Filing bankruptcy typically gets rid of all credit card debt. Most credit card debt is unsecured debt. Unsecured creditors do not hold a lien on collateral to secure the debt. Therefore, if a creditor wanted to try to collect on credit card debt, the creditor would need to file a debt collection lawsuit, obtain a monetary judgment against you, and petition the court for a wage garnishment order or levy. Not all states permit wage garnishments. Furthermore, most states exempt certain assets from being used to repay judgments. Filing Chapter 7 or Chapter 13 should get rid of credit card debt under most circumstances. However, it that is the only reason you are filing for bankruptcy, you may want to consider non-bankruptcy alternatives to get rid of credit card debt. 

Also, if credit card debt is the only debt you owe and your state does not permit wage garnishment, you may want to discuss the matter with a bankruptcy lawyer before filing Chapter 7 or Chapter 13. If the debt is small and the creditor will not be able to enforce a judgment, filing bankruptcy might not be the best option for you. Most bankruptcy lawyers offer free consultations. You can get several legal opinions to help you make the best decision for you. If you have other debts, high credit card debt, your state permits wage garnishments, or you have substantial assets, filing bankruptcy for credit card debt might be the best way to wipe out debts and protect your property.

Are Credit Cards Always Dischargeable in Bankruptcy Court?

There are instances in which credit card debt might not be dischargeable in bankruptcy. For example, if you use your credit card to pay off tax debts, alimony, child support, or other non-dischargeable debts, you cannot discharge that amount of credit card debt. In other words, you cannot transfer non-dischargeable debts to a credit card so that you can get rid of those debts by filing bankruptcy.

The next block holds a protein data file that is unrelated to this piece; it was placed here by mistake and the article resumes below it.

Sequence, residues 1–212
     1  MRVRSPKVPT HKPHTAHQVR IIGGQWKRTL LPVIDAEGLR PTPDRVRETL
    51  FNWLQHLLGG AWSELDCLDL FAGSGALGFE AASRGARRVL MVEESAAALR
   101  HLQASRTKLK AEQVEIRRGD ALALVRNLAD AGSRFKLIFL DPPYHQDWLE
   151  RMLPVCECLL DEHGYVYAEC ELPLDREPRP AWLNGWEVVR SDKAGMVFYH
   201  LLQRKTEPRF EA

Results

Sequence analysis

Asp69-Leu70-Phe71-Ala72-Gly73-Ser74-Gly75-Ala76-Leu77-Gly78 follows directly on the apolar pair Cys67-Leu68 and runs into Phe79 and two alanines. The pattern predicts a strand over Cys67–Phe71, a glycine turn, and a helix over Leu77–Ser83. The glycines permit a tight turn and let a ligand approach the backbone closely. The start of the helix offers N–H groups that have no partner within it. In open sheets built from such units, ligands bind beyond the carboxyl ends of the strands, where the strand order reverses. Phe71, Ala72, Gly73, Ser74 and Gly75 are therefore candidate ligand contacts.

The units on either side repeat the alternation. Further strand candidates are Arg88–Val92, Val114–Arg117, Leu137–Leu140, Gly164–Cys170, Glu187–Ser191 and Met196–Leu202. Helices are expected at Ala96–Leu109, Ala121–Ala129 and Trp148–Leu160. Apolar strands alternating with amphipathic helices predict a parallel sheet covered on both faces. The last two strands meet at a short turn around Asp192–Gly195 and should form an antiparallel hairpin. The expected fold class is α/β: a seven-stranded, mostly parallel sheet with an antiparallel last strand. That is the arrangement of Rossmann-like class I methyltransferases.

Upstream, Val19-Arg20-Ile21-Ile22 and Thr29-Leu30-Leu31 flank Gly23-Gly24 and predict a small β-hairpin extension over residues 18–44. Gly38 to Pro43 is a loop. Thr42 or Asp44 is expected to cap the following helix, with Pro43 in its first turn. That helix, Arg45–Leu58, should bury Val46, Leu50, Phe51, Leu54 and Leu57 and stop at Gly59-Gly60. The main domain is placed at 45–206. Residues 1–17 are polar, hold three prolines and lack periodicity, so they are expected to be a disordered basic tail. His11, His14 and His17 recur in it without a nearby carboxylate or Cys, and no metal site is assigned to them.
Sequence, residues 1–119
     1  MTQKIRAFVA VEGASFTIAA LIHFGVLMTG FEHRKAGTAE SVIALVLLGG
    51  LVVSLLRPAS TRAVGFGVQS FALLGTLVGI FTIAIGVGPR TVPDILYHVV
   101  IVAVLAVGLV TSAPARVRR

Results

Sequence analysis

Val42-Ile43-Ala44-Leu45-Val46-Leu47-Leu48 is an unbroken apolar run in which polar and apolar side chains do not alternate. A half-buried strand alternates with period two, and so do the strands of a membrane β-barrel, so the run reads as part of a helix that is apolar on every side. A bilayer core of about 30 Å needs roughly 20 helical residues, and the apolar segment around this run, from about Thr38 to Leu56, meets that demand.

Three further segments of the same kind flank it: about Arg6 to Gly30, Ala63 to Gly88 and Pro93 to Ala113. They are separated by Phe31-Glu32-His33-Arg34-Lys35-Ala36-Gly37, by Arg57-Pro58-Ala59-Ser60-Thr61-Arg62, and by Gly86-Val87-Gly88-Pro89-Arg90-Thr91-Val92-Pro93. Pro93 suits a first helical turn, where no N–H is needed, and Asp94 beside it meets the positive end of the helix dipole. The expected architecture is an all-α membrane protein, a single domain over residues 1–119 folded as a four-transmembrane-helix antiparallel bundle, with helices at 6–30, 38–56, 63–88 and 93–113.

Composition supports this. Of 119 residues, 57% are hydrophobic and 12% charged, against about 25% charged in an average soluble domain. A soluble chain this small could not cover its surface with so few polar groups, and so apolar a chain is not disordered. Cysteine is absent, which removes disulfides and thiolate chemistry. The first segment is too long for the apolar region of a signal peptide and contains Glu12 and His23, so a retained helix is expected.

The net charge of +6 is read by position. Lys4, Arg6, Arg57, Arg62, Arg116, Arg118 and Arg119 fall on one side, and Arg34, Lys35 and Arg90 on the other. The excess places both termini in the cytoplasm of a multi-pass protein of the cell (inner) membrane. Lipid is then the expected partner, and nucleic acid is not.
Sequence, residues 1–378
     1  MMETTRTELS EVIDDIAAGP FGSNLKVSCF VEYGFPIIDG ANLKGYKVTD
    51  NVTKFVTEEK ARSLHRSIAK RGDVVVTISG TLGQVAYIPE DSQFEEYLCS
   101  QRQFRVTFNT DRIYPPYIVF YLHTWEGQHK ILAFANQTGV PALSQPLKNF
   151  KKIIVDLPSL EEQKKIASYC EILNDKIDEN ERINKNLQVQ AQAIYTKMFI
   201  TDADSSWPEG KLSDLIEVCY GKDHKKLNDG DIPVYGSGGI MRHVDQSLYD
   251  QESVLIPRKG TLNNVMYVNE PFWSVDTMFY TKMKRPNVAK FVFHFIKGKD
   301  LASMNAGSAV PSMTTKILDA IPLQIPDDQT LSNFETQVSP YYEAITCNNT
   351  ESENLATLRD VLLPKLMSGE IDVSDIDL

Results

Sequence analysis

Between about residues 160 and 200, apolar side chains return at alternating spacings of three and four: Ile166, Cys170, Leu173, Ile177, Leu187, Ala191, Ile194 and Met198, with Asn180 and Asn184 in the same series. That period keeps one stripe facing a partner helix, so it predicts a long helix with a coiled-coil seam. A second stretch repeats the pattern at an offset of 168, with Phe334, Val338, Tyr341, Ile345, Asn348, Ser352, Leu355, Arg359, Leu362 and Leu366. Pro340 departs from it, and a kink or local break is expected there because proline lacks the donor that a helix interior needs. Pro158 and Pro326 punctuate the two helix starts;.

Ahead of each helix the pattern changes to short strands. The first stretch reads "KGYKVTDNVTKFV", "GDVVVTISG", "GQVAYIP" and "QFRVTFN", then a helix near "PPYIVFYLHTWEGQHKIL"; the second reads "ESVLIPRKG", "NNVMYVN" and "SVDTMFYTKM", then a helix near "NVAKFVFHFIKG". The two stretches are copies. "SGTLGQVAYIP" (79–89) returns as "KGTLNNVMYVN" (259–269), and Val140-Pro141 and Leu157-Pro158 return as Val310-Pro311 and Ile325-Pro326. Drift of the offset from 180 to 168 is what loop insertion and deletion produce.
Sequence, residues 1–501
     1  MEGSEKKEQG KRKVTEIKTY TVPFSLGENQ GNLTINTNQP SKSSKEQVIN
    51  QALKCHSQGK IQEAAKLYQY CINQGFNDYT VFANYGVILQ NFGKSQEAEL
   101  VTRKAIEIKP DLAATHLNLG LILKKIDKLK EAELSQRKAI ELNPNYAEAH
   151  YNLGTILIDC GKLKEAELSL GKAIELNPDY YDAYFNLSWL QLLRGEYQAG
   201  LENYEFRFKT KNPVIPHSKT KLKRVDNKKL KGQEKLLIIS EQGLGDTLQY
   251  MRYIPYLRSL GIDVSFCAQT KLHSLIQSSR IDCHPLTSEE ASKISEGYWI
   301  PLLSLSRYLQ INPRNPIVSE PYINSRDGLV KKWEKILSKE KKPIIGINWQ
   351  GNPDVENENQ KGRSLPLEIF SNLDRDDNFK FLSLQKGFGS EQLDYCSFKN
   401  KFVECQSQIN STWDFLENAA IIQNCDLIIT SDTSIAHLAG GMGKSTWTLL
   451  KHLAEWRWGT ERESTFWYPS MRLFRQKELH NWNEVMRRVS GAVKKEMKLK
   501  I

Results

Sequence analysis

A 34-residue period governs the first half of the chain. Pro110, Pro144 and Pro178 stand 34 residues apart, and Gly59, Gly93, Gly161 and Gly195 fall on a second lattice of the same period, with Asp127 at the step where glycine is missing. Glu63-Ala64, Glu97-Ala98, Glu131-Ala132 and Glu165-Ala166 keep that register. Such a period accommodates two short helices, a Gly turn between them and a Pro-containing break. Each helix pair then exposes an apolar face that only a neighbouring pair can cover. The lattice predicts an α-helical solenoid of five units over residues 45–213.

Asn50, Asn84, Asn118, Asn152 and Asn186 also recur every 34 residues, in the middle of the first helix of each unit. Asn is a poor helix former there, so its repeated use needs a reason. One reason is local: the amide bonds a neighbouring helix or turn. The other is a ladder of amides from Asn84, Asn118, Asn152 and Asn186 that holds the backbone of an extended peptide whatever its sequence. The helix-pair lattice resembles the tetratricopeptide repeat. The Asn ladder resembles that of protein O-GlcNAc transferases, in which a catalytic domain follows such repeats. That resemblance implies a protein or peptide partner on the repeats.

Also, recent charges to credit cards are not eligible for a bankruptcy discharge. Charges to your credit cards for luxury items or services of $725 on a single credit card within 90 days before filing bankruptcy are presumed fraudulent. Luxury items and services are things that are not necessary for the support of the debtor or the debtor’s dependents. 

Therefore, if the credit card company files an adversary proceeding (lawsuit), the debt may not be dischargeable. The debtor would need to prove he did not commit fraud to get rid of the credit card debt. Likewise, cash advances of $1,000 or more during 70 days before filing bankruptcy are also presumed fraudulent. If the credit card company files an adversary proceeding, the debtor could owe that money even though the debtor filed for bankruptcy relief. It is generally best to stop using all credit cards as soon as you decide to file for bankruptcy relief. If you have substantial credit card use within the past three months, talk to a bankruptcy lawyer about the timing of your bankruptcy filing.